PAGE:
Austrian MP declares BDS movement to be antisemitic

It will likely be submitted to a vote in January, when it should sail through due to the wall-to-wall political support for the measure.

SUPPORTERS OF the far-right Freedom Party (FPOe) react after first exit polls in the general election during a party meeting in Vienna, Austria, in October. (photo credit: REUTERS)
SUPPORTERS OF the far-right Freedom Party (FPOe) react after first exit polls in the general election during a party meeting in Vienna, Austria, in October.
(photo credit: REUTERS)
An Austrian MP who has been one of the principal advocates of a parliamentary resolution to combat antisemitism and ban government support for BDS groups has insisted that denying Israel’s right to exist is antisemitic, and that his motion seeks to counter such invective.
Reinhold Lopatka, a member of the Austria’s lower house of its parliament, the National Council, for the Austria People’s Party, told The Jerusalem Post that antisemitism in the country needs to be decisively refuted, and that the BDS campaign was itself antisemitic.
As reported by The Jerusalem Post on Thursday, Lopatka and other members of parliament have submitted a motion to the National Council to combat antisemitism in the country, and to ban federal funds from going to organizations that back the Boycott, Divestment and Sanctions (BDS) movement.
Remarkably, the motion has been backed by all five parties currently represented in the National Council from right to left, including the Austrian People’s Party, the far-right Freedom Party of Austria, the Social Democratic Party, the New Austria and Liberal Forum, and the Green Party.
The motion calls on the Austria federal government “to develop a holistic strategy” to combat antisemitism, and to “strongly condemn the BDS movement and its goals, in particular the call for a boycott of Israeli products, companies, artists, scientists or athletes.”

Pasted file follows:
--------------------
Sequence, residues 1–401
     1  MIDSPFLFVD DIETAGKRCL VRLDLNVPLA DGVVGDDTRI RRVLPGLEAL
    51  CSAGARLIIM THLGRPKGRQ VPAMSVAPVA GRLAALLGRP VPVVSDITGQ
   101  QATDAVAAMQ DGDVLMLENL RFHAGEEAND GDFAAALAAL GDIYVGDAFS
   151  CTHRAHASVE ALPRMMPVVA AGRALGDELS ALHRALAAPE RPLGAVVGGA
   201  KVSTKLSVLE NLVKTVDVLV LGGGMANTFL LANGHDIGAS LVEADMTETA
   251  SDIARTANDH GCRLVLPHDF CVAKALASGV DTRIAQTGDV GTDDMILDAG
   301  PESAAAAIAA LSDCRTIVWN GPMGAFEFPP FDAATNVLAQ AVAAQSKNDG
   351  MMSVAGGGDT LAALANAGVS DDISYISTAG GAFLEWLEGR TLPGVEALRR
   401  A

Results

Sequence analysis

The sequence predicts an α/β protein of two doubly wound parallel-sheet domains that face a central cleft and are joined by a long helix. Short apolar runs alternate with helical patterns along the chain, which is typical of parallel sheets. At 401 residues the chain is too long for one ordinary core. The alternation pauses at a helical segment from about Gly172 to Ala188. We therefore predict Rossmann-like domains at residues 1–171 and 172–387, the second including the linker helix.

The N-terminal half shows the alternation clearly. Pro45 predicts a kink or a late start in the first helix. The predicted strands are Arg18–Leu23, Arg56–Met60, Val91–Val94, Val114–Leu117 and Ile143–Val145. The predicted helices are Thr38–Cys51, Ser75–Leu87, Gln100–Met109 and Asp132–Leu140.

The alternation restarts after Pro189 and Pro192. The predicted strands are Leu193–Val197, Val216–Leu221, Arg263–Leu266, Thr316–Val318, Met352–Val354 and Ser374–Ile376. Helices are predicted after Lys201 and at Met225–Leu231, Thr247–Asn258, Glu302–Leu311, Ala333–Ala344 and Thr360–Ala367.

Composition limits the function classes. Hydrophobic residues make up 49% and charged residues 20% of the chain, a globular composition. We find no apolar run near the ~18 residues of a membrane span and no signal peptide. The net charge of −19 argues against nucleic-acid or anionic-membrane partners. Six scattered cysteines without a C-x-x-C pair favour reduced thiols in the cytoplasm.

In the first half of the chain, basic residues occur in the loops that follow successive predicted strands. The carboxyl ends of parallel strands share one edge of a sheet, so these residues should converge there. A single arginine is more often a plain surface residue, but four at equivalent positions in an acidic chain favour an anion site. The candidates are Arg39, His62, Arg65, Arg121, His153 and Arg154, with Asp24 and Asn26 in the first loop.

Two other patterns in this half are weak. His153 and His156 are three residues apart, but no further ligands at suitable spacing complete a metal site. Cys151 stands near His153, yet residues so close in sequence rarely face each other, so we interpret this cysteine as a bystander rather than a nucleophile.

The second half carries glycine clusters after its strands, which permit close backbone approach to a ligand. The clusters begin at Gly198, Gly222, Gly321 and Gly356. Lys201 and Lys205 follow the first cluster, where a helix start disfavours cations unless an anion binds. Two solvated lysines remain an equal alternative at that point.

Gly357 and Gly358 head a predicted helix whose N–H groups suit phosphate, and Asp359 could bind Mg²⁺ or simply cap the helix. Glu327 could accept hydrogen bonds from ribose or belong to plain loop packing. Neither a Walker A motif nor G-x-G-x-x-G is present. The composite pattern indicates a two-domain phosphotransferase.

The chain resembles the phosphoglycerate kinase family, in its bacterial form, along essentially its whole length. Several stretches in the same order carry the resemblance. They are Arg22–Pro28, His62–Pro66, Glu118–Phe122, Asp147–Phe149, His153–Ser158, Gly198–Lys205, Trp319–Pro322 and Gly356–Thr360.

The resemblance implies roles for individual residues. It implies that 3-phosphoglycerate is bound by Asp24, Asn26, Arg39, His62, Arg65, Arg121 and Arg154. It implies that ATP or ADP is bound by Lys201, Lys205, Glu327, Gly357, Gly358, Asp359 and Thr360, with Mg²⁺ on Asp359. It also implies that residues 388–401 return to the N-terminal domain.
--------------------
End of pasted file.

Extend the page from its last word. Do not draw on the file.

It also requests that the federal government “not provide premises and infrastructure” to organizations that express themselves in antisemitic terms “or question Israel’s right to exist,” and to ensure that no federal financial support goes to BDS organizations and events.
It will likely be submitted to a vote in January, when it should sail through due to the wall-to-wall political support for the measure.
Although it is not strictly a piece of legislation, its adoption will instruct the government how to act and will be “politically binding,” according to Lopatka, meaning that the government will adhere to its stipulations.
Asked how support from every party in the National Council was obtained, Lopatka said that the Freedom Party has been seeking to repair its image as a far-right party founded by former Nazis, and the Social Democratic Party had lost its strong connection to the Palestinians and their cause that it previously had in the 1970s and 1980s.
Lopatka said the resolution was necessary because there has been an increase in antisemitic sentiment in the country, which he attributed to a large wave of immigration from Muslim-majority countries, along with the revival of far-right politics in Austria and Europe in general.
He said that 90,000 immigrants from Muslim countries had arrived in Austria since 2015, and that the Muslim population had grown from 8,000 in 1960 to 700,000 today.
Lopatka asserted that this population holds significantly higher levels of antisemitic sentiment than the rest of the country, and that together with far-right elements in the country the situation required a clear declaration of intent from the National Council.
The parliamentarian also argued that the BDS movement is antisemitic since its real aims are to end the Jewish state.
“What we want to say is that BDS is a form of expression of antisemitism, which is popular among left-wing groups that like to deny Israel’s right of existence,” he said. “This is clear manifestation of antisemitism. Israel is an essential haven for the Jewish people, who unlike others, have nowhere else to go if they need to leave where they are.”


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